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Last updated March 21, 2024

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19 Questions to Ask A College Interviewer

Key Takeaway

The college interview is a crucial opportunity to form a genuine connection with the interviewer. By asking thoughtful questions about the school, its culture, and their personal experiences, you can create an organic conversation and gain valuable insights to inform your college decision-making process.

The college interview can be one of the roughest parts of the application process. Why? For many students, it's the only time when everything is on the line in a face-to-face context. It's far easier to micromanage the quality of your applications and essays from the removed tranquility of a computer in your room than it is to “prove yourself” face-to-face with another human being.

In every interview there comes a point—a particularly dreaded moment—when an interviewer will ask, “So, what questions do you have for me?”

It may occur at the beginning or the end of the interview. But wherever it lands, you need to be ready.

In many interviews, this question is the inflection point that determines whether your 15-minute timeslot evolves into a more organic conversation where you can actually form a bond with your interviewer, or not.

Ah, the organic conversation: the gold standard of any college interview.

So, anticipating that your interviewer will likely ask you the dreaded "Question question," I made an exhaustive list of some good questions you can ask them.

Remember, you might want to add a twist to some of these to personalize them. And given the context of your interview, some of them might be weird. For example, question 19, "What was the best job you had as a kid," might come across as odd if you've just spent the last fifteen minutes talking about reality TV.

Use context, yo.

Let's get into some QUESTIONS.

1. How would you describe the culture at ______? What type of people tend to really thrive here, and what type don't do so well?"

Ok, ok. "But that's two questions," you're probably saying. Yes, it is. These questions are so juicy that sometimes you get a 2-for-1 deal.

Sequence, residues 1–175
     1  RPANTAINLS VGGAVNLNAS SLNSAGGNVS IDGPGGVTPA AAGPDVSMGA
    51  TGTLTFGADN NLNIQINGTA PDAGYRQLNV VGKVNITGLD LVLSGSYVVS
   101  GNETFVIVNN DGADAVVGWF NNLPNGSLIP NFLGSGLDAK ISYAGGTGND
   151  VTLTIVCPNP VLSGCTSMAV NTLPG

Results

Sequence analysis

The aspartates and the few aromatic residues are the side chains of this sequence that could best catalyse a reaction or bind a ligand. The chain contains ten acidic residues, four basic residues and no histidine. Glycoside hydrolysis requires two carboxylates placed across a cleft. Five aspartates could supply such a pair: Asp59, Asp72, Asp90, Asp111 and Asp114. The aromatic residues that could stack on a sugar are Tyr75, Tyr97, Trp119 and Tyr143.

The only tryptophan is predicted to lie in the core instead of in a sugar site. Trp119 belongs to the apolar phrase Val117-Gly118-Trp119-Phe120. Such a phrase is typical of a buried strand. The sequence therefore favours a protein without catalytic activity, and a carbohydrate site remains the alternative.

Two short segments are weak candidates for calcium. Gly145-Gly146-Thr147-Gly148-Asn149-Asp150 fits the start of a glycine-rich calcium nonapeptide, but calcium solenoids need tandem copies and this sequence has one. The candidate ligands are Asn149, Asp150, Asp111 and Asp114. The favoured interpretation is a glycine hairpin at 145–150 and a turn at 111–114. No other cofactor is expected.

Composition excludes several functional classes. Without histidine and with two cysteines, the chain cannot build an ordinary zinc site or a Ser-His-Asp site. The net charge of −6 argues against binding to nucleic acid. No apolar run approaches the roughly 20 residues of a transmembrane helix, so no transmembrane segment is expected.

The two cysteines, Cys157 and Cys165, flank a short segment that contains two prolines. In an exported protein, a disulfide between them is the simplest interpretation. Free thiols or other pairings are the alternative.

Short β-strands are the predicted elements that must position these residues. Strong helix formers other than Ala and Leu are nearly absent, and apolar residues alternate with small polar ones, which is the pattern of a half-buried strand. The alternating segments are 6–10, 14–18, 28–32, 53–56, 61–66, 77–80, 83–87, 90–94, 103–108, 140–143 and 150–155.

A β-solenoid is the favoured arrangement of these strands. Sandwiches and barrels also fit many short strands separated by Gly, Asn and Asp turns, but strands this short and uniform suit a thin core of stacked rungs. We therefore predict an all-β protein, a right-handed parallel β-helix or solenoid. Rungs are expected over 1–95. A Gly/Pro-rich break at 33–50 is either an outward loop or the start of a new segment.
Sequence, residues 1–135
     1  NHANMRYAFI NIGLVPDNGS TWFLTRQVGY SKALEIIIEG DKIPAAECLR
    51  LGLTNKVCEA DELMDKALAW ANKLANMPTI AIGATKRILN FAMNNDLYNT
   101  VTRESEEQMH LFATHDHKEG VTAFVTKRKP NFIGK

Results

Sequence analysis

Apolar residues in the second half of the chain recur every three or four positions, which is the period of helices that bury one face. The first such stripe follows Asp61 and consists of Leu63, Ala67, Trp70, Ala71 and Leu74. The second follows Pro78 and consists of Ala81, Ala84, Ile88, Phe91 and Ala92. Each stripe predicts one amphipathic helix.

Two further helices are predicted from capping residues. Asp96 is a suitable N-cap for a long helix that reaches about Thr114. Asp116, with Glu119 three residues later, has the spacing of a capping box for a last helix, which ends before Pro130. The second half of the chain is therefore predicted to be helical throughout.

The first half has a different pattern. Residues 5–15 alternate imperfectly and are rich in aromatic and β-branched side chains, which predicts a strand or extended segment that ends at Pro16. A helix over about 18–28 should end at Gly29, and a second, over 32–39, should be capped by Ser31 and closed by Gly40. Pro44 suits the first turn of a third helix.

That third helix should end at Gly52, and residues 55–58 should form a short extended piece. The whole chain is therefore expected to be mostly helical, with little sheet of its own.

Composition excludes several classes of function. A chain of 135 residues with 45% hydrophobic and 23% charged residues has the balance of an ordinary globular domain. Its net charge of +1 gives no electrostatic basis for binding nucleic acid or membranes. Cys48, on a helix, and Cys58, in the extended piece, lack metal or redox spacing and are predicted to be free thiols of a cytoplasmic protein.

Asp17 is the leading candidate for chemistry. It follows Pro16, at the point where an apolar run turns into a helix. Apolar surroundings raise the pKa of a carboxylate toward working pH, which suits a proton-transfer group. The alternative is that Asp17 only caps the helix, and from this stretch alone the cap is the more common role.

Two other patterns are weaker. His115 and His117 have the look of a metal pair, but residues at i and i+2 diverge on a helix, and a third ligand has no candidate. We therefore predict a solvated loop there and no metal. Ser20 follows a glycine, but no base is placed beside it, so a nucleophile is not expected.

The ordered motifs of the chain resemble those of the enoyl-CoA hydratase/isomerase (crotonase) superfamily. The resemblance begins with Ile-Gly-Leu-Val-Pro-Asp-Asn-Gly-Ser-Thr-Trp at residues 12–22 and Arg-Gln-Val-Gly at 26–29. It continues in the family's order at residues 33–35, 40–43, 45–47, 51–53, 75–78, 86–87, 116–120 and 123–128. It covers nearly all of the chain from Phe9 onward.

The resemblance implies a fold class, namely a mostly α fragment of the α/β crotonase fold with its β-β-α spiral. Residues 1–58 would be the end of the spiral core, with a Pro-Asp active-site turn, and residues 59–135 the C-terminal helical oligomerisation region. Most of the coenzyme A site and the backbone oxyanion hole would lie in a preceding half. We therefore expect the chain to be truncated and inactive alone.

I like this question because it shows the interviewer that you aren't completely gung-ho about the school. Well, at least, you recognize that some types of people may not be as well-suited to the school and its culture.

I think that interviewers are, by and large, frustrated by the bootlickers who can't wait to bend over backward to prove their undying devotion to a school. In general, your best bet is to strike a careful balance between excitement (because of course you want to be admitted) and critical exploration.

You want to come away seeming like your own person who's capable of critical thought and judgment. In other words, the interview is a two-way street. You're trying to get information, too, to better inform your college choice. Asking this question (and others like it) will put you on an even footing with the interviewer--as a human being who's trying to improve the information that's informing their decision.

As to the question itself, hey, maybe the interviewer will say that "The only type of people who don't thrive here are book-bound neds," and that's exactly who you are. That's important information for you to have!

2. "What's something you would have done differently during your time at _______ if you could?"

Remember that an interviewer, as long as they're an alum, is a font of knowledge about the specific college experience offered at the school and (b) regret about how they could have better taken advantage of their time in school.

I like this question because it forces the interviewer to think--to really dig deep and consider their past at the school and the resources/opportunities passed by.

If I were asked this question, I would probably say something like: "Hmmm, good question. I would like to have taken more classes in the religion department, particularly with one specific professor (Stuart Smithers). Otherwise, the school had so many amazing outdoor clubs--there were mountaineering and kayaking clubs that I always wanted to try but never found the time."

Great! Now you have three other subjects that you can build on: religion, mountaineering, and kayaking. Go crazy. This is how that coveted organic conversation starts.

3. "What's something that no student should miss at ______?"

Kind of a different spin on question #2, this one is designed to get them excited about the "greatest hits" at the school. This question will help you get a clearer sense of what made them really excited about their experience. It's also a great way to steer the interview into conversation territory.

If they talk about how, "Oh my god, the student mimes were unmissable," well, now you've got a great opportunity to talk about mimes, circuses, and... France? with them.

The thing I keep reiterating: the "Question" question can be effectively used to get a better sense of what the interviewer cares about and to prolong the conversation and build a genuine connection with them.